Film Reviews: Angels in the Dust, Hannah Takes the Stairs, Trade 

Also The Game Plan, Feast of Love, The Rape of Europa and more

Wednesday, Sep 26 2007

PICK  ANGELS IN THE DUST It’s not just children whom Marion Cloete and her family are rescuing in the de facto orphanage and school they’ve set up in rural South Africa, but childhood itself for these pint-size refugees from rape, child prostitution, hunger and — above all — an AIDS epidemic that’s killing by the hundreds of thousands. A big, jolly, boundlessly energetic former commie activist from the apartheid era who walked out on a life of luxury in Johannesburg to do good, Cloete has carved out a shelter for the children. She’s a licensed therapist who understands the value of a sympathetic ear, but also an advocate who trusts her charges enough that she can refract their grim reality back to them as hope, action and self-care. In Angels in the Dust, director Louise Hogarth (whose last documentary, The Gift, dealt with HIV-positive men who deliberately transmit the virus) deftly weaves in the big picture through Cloete’s bursts of anger at government ministers and traditional healers who willfully propagate the belief that sleeping with virgins cures disease. But the children’s most heartbreaking obstacle is the apathy and denial of their broken families, ground down by poverty, illness and despair. Hogarth creates such a complete and satisfying world in the village that when her camera pans away to a forest of tiny graves in a Soweto cemetery, it’s a necessary shock to realize that Cloete’s haven is one happy drop in an ocean of suffering. Cry if you must — then go to participate.net and do something. (Music Hall)  (Ella Taylor)

 FEAST OF LOVE Based on a 2000 novel by Charles Baxter, Feast of Love transposes the setting from an idealized Ann Arbor to an idealized Portland, where men play touch football on the grassy lawns of Portland State University, while philosophy professors mingle with coeds in a coffee shop called Jitters. The café in question is run by Bradley (Greg Kinnear), an eager fellow who has no luck with the ladies. After his first wife leaves him for another woman, Bradley gets hitched again to Diana (Radha Mitchell), a real estate agent who doesn’t believe in true love. Meanwhile, Bradley’s two young baristas are falling in mad, mad love over the cappuccinos that they decorate with foam hearts. But two couples do not make an intersecting-storyline movie, so, yes, there’s yet another relationship: Morgan Freeman and Jane Alexander are in old-people love, which means that they hug a lot and drink wine together in their creaky-floored, tastefully decorated Victorian home. Feast lays out an interesting project for itself — to catalog the look and feel of relationships at different stages in our lives. But for a film that purports to be an epic consideration of Love in Our Time, it’s strikingly uninterested in any but the most obvious kind of romantic love. In this rosy, cozy world, either you fall for someone in the blink of an eye, or you never do. (Citywide) (Julia Wallace)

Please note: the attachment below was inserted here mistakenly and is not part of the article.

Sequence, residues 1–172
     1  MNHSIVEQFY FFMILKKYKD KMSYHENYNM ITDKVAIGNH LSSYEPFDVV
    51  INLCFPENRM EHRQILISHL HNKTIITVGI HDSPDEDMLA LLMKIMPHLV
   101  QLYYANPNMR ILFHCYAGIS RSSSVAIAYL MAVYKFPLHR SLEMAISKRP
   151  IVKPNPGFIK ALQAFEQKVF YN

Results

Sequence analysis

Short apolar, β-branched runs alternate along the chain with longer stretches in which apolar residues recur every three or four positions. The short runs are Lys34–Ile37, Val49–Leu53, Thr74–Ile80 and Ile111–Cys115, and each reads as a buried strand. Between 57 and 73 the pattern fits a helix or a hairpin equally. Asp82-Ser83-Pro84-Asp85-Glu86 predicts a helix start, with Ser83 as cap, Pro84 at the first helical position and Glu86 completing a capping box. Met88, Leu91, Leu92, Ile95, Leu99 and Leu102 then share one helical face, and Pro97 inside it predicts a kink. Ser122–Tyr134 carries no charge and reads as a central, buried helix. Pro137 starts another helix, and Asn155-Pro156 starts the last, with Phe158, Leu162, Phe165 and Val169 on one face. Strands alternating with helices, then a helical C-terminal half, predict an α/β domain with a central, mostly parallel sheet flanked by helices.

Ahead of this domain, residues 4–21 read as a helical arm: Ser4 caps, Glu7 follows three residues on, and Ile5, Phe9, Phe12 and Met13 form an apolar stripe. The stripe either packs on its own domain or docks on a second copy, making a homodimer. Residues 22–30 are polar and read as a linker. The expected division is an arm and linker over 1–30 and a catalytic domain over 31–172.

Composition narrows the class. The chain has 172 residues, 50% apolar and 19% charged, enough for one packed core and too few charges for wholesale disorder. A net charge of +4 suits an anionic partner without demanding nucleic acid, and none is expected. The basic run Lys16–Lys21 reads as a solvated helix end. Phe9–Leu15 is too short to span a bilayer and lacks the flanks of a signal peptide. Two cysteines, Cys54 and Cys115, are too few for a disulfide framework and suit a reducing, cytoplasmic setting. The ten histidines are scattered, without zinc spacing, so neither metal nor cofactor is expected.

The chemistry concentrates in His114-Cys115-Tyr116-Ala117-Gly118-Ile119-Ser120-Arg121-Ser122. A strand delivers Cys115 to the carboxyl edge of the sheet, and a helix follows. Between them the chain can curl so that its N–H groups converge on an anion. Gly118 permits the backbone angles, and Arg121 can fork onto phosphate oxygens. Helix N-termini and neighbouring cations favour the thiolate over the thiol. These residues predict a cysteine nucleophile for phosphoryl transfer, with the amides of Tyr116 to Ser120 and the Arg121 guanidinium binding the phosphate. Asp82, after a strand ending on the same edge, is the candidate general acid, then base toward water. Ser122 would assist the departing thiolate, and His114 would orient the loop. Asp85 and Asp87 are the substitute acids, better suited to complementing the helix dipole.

THE GAME PLAN It seems like a promising, if slightly clichéd, start when we meet Joe “The King” Kingman, an egotistical athlete prone to talking in catch phrases, referring to himself in the third person, showing off expensive possessions and singing Elvis songs. Clearly, the character (and self-parody) could only have been written for Dwayne “The Rock” Johnson — this is what WWE fans loved him for in his prior profession. Unfortunately, there is an even more thoroughly obnoxious character in Andy Fickman’s The Game Plan: Joe’s 8-year-old daughter (Madison Pettis), who shows up out of nowhere uttering precocious diatribes no real kid that age would even understand, and constantly shrugging her shoulders in extreme close-up, which is apparently adorable to . . . somebody. Johnson’s a good actor, but it would take the ghost of Laurence Olivier to convince us that a grown man could legitimately fall for this brat. (Citywide) (Luke Y. Thompson)

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